*This may not be a complete list of all possible drug interactions. Consult a doctor with all medications you may be taking. 

Warnings of Celebrex and naproxen

Both Celebrex and naproxen carry black box warnings for cardiovascular risks. NSAIDs may cause an increased risk of cardiovascular events, such as heart attack and stroke. Those with a history of heart disease may be at an increased risk of cardiovascular events while taking an NSAID. 

Celebrex and naproxen also have a black box warning for gastrointestinal risks. NSAIDs may carry an increased risk of severe gastrointestinal events, such as stomach ulcers and bleeding. Other risk factors for gastrointestinal side effects with NSAIDs include older age, a history of stomach ulcers, and the use of certain medications in combination with NSAIDs. 

Patients with kidney or liver impairment should be monitored while using NSAIDs. There may be an increased risk of liver toxicity while using NSAIDs. Those with advanced kidney disease should avoid NSAIDs altogether. 

The use of NSAIDs should be monitored or avoided in those with heart failure. NSAIDs may cause an increased risk of worsening heart failure and edema, or swelling in the limbs.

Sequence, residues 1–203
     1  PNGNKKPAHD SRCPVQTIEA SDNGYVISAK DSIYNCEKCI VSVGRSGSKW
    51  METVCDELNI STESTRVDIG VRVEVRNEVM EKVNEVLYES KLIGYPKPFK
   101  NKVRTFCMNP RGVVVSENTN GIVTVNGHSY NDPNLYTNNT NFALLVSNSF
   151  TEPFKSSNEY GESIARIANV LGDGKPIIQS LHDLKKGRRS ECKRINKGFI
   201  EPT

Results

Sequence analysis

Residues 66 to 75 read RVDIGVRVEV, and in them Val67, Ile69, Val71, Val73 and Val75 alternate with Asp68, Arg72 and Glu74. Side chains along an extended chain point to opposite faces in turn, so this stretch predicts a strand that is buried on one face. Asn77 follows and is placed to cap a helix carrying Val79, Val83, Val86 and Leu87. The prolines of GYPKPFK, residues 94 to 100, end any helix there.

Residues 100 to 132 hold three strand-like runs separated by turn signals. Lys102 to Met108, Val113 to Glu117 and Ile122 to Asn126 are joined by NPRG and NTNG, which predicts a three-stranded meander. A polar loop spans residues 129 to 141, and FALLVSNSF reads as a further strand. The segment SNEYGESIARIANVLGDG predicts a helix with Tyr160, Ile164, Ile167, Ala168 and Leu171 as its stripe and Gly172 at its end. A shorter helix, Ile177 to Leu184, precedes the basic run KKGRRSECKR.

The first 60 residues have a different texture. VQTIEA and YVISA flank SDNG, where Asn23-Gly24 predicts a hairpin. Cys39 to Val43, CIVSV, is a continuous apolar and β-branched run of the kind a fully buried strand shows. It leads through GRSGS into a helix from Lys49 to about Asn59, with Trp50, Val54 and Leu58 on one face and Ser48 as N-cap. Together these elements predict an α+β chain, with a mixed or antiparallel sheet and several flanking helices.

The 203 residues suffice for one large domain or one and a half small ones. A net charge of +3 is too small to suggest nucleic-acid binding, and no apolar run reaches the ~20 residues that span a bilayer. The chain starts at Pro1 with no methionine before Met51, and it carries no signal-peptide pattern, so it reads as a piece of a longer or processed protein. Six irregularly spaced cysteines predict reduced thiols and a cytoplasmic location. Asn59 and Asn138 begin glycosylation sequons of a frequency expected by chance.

NSAIDs may increase the risk of worsened hypertension, or high blood pressure. Those with high blood pressure may need to be monitored while using NSAIDs.

Allergic reactions are possible while using NSAIDs. Seek immediate medical attention at any sign of an allergic reaction, such as severe rash, swelling of the face or throat, or trouble breathing. 

Consult a healthcare provider for other possible warnings and precautions. 

Frequently asked questions about Celebrex vs. naproxen

What is Celebrex?

Celebrex is the brand name for celecoxib. It is an NSAID that is further subclassified as a COX-2 inhibitor NSAID. It is normally prescribed to be taken as an oral capsule once or twice daily for pain relief from arthritis. Celebrex is only available with a prescription. 

What is naproxen?